Menu ENN Search

Infant feeding in emergencies. Guidance for relief workers in Myanmar and China

Author: WHO
Year: 2008
Resource type: Field tool

www.who.int/child_adolescent_health/news/2008/13_05/en/index.html

During emergency situations, whether manmade or natural disasters such as the recent cyclone in Myanmar or the earthquake in China, disease and death rates among children under-five are generally higher than for any other age group. The younger the infant, the higher the risk. Mortality may be particularly high due to the combined impact of a greatly increased prevalence of communicable diseases and diarrhoea and soaring rates of undernutrition.
The best way of preventing malnutrition and mortality among infants and young children in emergencies or otherwise, is to ensure that they start breastfeeding within one hour of birth and continue breastfeeding exclusively (with no food or liquid other than breastmilk, not even water) until six months of age. Even in emergency situations, the aim should be to create and sustain an environment that encourages frequent breastfeeding for children up to two years of age.
Unfortunately, however, there is a widespread misconception that mothers cannot breastfeed adequately due to stress or inadequate nutrition. Frequently, news from devastated areas report stories of mothers who have given birth and are "not producing enough breastmilk". Rather than providing infant formula and feeding bottles indiscriminately, the focus should rather be on establishing safe 'corners' for mothers and infants, one-to-one counselling and mother-to-mother support.
The Infant Feeding in Emergencies Core Group (made up of UNICEF, WHO, UNHCR, WFP, IBFAN-GIFA, CARE USA, Fondation Terre des Hommes, and the Emergency Nutrition Network) has developed Operational Guidance for Emergency Relief Staff and Programme Managers, which provides concise, practical, non-technical guidance on how to ensure appropriate infant and young child feeding in emergencies.

Download

who-statement-on-myanmar-china-on-website-may-2008.doc (Word, 31kb)

More like this

FEX: Infant Feeding Patterns and Risk of Death

Summary of published paper1 Current WHO guidelines recommend that HIV positive mothers should avoid breastfeeding only if replacement feeding is acceptable, feasible,...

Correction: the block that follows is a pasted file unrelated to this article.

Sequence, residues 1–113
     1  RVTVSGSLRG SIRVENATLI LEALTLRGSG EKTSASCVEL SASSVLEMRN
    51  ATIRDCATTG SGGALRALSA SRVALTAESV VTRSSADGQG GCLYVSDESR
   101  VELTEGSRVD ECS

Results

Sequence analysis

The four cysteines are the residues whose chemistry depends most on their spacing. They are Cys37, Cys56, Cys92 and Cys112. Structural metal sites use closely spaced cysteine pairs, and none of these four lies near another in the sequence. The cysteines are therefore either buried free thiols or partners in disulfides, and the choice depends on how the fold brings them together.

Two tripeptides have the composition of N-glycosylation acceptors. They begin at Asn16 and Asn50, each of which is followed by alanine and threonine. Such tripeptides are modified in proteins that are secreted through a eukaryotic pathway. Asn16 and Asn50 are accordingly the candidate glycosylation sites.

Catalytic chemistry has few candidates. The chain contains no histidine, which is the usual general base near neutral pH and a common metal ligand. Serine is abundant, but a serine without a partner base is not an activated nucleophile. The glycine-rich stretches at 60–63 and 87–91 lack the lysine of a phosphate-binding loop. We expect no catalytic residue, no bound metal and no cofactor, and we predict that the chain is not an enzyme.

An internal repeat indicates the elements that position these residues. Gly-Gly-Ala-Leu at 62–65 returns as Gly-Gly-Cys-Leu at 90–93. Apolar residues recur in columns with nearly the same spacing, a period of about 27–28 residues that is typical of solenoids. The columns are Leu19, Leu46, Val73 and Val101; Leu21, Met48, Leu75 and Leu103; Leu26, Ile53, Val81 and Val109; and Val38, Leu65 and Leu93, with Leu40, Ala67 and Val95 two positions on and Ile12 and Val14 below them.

FEX: Infant Feeding in Emergencies: Recurring Challenges

Published Report By Marie McGrath The importance of infant feeding in emergencies has been highlighted during recent emergencies in countries such as Iraq and Bosnia, where...

FEX: Infant feeding strategies and PMTCT - Mashi trial from Botswana

Summary of published research1 Arecently published paper compares the efficacy and safety of two infant feeding strategies for the prevention of postnatal mother-to-child HIV...

FEX: Counselling on infant feeding choice: Some practical realities from South Africa

By Tanya Doherty (pictured), Mickey Chopra and Mike Colvin Tanya is currently a senior scientist at the Health Systems Trust and Medical Research Council in Capetown, South...

en-net: Breastfeeding problems and food supplements. Any association?

Why is it in the SFP we find the following as admission criteria: 'Lactating women with an infant < 6 months if they have breastfeeding problems or if the infant is not...

FEX: Issue 29 Editorial

There are two major themes running through this issue of Field Exchange. The first is a focus on Southern Africa and the programmatic challenges presented by HIV/AIDS and the...

FEX: Caring for premature babies in a conflict zone

Summary of published experiences1 This paper describes aspects of the authors work as a midwife with Médecins Sans Frontieres (MSF) in a north-western regional hospital in Côte...